In 2006 AMD announced 'Fusion', a project aimed to develop a system on a chip that combined a CPU and GPU on a single die. Making the dream a reality for AMD was their acquisition of graphics chipset manufacturer ATI that same year.
The project wasn't without technical difficulties however, and it took AMD 5 years until the first Fusion APU saw the light of day. Based on the Lynx architecture, this first chip combined K10 CPU cores and a Radeon HD 6000 series GPU. Shortly after AMD would release APUs designed for desktop (Llano), mobile (Sabine), ultra-mobile and embedded (Brazos) platforms. All of these APUs and even current generation ones managed to fit a CPU and GPU into a single die, but still required a chipset to properly function.
If AMD could move the chipset on-die, then they would have created a true SoC solution and would be a step closer to a Heterogeneous System Architecture (HSA).
With the new Kabini and Temash platforms AMD has achieved just that. The Kabini APU that we are reviewing here today is aimed at the subnotebook, ultra-thin and small form factor markets, while Temash is aimed at tablets, hybrid laptops and other ultra-low power devices, usually with screens 11 inches or lower.
Based on the Jaguar architecture these new APUs feature between 2 and 4 cores, numerous architectural improvements regarding power requirements and performance such as support for newer x86-instructions, a higher IPC, a CC6 power state mode and clock gating.
However, the big news is that Kabini will be AMD's first, and also the first ever, quad-core x86-based SoC. The chipset or Fusion Controller Hub (FCH) for Kabini is codenamed "Yangtze" and is integrated on-die. Moreover, Kabini will feature DirectX 11.1-compliant GCN-based graphics as well as numerous heterogeneous system architecture (HSA) improvements.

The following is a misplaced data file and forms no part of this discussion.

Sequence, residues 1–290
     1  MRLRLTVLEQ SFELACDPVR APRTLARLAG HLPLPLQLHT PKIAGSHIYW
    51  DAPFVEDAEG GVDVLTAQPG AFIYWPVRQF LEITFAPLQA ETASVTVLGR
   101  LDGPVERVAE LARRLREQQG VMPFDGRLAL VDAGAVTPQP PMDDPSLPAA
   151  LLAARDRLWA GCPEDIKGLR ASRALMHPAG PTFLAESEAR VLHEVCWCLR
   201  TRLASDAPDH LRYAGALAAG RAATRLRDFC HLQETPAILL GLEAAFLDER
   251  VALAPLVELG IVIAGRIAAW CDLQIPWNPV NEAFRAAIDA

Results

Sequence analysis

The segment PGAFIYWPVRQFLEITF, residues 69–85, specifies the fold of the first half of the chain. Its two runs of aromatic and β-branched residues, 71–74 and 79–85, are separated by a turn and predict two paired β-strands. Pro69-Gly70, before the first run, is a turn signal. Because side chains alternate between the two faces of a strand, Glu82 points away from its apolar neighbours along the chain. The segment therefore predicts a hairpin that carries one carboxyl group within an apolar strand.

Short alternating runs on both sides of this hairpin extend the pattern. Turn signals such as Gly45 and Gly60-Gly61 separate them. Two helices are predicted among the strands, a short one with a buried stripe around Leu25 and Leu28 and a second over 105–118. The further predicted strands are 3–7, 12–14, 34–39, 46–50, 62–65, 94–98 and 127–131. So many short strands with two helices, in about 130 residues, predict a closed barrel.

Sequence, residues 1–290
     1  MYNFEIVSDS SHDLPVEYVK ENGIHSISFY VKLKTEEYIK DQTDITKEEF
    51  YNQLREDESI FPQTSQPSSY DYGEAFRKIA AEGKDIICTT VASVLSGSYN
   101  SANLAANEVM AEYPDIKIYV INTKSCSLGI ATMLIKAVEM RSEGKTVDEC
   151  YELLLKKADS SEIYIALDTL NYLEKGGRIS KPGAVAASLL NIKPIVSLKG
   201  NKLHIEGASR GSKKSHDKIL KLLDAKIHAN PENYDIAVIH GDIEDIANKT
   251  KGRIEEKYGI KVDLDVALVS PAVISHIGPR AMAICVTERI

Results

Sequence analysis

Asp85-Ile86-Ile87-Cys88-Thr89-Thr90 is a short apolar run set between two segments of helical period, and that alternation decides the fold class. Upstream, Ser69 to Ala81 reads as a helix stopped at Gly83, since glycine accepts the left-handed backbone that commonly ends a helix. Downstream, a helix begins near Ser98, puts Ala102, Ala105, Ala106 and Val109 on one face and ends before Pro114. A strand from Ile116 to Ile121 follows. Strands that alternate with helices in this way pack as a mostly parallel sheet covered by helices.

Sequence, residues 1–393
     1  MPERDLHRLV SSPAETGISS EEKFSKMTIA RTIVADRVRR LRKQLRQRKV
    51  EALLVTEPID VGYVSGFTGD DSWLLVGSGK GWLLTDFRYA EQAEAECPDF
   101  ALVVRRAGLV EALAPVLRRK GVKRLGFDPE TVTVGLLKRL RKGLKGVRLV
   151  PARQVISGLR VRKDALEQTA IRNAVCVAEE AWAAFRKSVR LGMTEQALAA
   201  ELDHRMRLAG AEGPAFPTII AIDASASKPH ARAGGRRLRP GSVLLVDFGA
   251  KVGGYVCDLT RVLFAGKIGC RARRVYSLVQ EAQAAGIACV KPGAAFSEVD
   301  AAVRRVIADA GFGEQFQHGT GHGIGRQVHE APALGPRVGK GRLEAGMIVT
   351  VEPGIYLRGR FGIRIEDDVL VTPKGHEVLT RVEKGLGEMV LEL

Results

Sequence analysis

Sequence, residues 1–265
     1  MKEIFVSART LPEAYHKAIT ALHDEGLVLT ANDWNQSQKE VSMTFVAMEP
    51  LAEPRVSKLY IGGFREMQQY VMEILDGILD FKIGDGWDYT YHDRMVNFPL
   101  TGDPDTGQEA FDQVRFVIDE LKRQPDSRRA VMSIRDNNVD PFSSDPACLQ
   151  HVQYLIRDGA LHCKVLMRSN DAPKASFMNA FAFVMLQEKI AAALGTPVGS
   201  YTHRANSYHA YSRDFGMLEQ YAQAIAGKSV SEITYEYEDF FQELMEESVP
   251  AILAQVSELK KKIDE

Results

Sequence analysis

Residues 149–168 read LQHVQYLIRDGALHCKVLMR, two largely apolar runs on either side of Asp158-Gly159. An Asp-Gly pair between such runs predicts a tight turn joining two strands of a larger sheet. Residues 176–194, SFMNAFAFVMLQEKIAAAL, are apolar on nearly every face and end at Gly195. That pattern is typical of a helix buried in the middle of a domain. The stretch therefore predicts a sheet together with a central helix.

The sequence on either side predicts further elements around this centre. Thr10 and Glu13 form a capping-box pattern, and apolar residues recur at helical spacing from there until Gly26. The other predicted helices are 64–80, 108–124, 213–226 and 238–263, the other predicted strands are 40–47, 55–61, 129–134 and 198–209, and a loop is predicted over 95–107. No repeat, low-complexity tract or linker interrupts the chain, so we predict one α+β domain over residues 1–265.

While on the topic, the new HSA branding is meant to take over Fusion due to a trademark dispute between AMD and Arctic Switzerland AG. Arctic claims to be the first to use "Fusion" for its range of computer power supply products since 2006.
Kabini A-Series APU
AMD are releasing their first Kabini based processors today with the launch of the A6-5200 and the A4-5000. For some reason AMD has only sampled laptops featuring the A4-5000 which targets the budget Pentium line, we assume because they believe this is the more interesting processor out of the two.
The A4-5000 features four Jaguar cores clocked at 1.5GHz and a total L2 cache of 2MB, while the on-die GPU is the Radeon HD 8330. The faster A6-5200 still features four cores but clocked at 2.0GHz, while the GPU of choice is the Radeon HD 8400.
When compared to the Bobcat cores used in previous APUs, Jaguar improve on performance in a given power envelope. Jaguar offers a higher IPC, better frequency at a given voltage and improved power efficiency through clock gating and unit redesign. The instruction set as also been expanded to include SSE4.1, SSE4.2, AES, CLMUL, MOVBE, AXV, XSAVE/XSAVEOPT, F16C and BMI1.
Improvements made to the Jaguar core's frontend, integer execution, floating point unit, data cache, L2 interface and shared cache unit have all helped to improve efficiency as has the move to the 28nm design process.
The integrated Kabini chipset features support for two USB 3.0 ports, two SATA 6Gb/s ports, as well as xHCI 1.0 and SD/SDIO 3.0 protocols for SD-card support.
Utilizing Radeon HD 8000 series graphics, Kabini supports a range of APIs including DirectX 11.1, OpenGL 4.3, OpenGL ES 3.0 for the graphics and OpenGL 1.2, DirectCompute and C++ AMP for compute.
Although the A6-5200 (HD 8400) and A4-5000 (HD 8330) feature different GPUs, they are actually very similar as they both boast 128 SPUs, 16 TAUs and 16 ROPs. They do differ in clock speeds, where the HD 8330 runs at 500MHz while the 8400 is slightly faster at 600MHz. These are similar specifications to the Radeon HD 7480D featured in the A4-5300 processor, which we happen to have on hand for testing, so it will be interesting to see how the two compare. Finally, it is worth mentioning that Kabini features dual display Eyefinity support along with wireless display support.
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